HAMBURG, Germany — microdrones has released a video demonstrating a new water rescue tactic it hs developed that uses drones. The company says it may revolutionize lifeguard rescue operations all over the world.
In the video, a specially trained lifeguard spots a drowning swimmer and immediately deploys a microdrones unmanned aerial vehicle (UAV) as another lifeguard rushes through the water to the victim’s aid. The drone flies over the water, reaches the swimmer ahead of the swimming lifeguard, and drops a compact flotation device that automatically inflates. The panicking victim is then able to grab onto the device and float while waiting for the second lifeguard to arrive.
This approach to water rescue came about when microdrones recognized the potentially life-saving use for the new technology and decided to develop the tactic in collaboration with the DLRG Horneburg (a German lifeguard association) and RESTUBE, the award-winning makers of compact flotation devices.
With this new approach to water rescue, microdrones has overcome two key challenges lifeguards face: Lack of time and victim panic. An adult is able to struggle on the surface of the water for an average of only one minute before drowning and a child drowns in less than 30 seconds. Often, lifeguards are not able to reach the swimmer in that brief timeframe.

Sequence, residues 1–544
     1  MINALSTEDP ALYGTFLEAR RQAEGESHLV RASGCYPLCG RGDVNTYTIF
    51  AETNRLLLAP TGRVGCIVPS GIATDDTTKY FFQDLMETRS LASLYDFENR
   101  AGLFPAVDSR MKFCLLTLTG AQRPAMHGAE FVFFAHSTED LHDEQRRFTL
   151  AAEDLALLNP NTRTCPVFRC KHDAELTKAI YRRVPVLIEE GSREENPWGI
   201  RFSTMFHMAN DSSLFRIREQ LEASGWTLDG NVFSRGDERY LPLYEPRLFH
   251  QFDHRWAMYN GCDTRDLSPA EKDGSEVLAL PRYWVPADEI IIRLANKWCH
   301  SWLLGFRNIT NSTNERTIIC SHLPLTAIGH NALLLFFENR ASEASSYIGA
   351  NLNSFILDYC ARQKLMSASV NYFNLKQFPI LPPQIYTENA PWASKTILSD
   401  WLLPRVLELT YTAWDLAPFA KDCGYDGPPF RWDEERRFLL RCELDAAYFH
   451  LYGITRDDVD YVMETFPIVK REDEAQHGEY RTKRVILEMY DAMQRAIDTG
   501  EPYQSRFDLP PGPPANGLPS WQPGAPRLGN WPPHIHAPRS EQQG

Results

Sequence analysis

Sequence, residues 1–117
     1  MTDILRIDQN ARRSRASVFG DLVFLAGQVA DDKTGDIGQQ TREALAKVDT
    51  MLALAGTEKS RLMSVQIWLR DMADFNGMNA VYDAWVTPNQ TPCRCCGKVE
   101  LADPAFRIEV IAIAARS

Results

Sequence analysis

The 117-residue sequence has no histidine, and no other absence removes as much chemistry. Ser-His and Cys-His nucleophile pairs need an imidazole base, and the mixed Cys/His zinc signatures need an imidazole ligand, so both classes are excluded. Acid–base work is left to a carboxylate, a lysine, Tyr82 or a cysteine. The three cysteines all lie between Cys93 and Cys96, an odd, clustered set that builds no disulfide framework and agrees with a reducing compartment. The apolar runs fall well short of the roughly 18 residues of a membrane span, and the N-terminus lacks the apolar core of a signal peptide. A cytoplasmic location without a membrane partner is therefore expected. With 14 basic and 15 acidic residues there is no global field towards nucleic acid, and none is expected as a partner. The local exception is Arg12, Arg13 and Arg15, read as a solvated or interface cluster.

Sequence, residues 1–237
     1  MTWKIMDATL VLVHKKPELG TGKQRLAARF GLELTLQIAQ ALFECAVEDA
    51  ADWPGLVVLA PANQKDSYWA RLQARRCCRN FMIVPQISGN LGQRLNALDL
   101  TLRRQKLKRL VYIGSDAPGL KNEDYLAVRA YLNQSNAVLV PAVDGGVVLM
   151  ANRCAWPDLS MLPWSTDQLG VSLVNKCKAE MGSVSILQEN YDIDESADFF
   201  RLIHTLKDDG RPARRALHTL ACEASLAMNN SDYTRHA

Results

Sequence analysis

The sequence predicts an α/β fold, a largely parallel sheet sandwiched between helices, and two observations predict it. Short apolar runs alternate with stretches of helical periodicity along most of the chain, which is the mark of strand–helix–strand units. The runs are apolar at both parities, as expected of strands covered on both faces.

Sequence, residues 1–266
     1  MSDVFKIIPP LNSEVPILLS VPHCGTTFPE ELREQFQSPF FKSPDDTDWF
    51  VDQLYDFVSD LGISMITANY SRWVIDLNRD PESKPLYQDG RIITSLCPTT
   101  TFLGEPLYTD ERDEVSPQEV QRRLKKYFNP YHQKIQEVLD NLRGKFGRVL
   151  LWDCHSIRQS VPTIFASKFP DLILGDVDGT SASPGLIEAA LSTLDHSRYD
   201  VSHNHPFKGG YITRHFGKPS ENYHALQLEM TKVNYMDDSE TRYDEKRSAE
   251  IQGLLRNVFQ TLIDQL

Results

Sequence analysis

With a drone, the lifeguard team is able to fly straight over the water to deliver a flotation device, buying the traditional lifeguard additional time to reach the victim.
Under normal circumstances, when the lifeguard arrives at the swimmer, they encounter a dangerous situation: A victim in the throes of an instinctive drowning response. A panicking victim will instinctively clutch and push up on anything that comes near them, including a rescuer.
AVIR Syndrome (Aquatic Victim Instead of Rescuer Syndrome) refers to the unintentional drowning of a rescuer by the panicking victim they are attempting to save. Lifeguards carry flotation devices to rescues for this reason.
If the victim is able to remain calm, the rescue is far less complicated and dangerous – and much more likely to succeed. Drone-assisted water rescue helps the victim to be calmer for the actual rescue because they are able to float using the device delivered by the drone.
“After seeing what I saw today, I have no doubt that drones will play a significant role in the near future of water rescue – and that we’ll see less fatalities as result,” said Robert Rink from the DLRG Horneburg.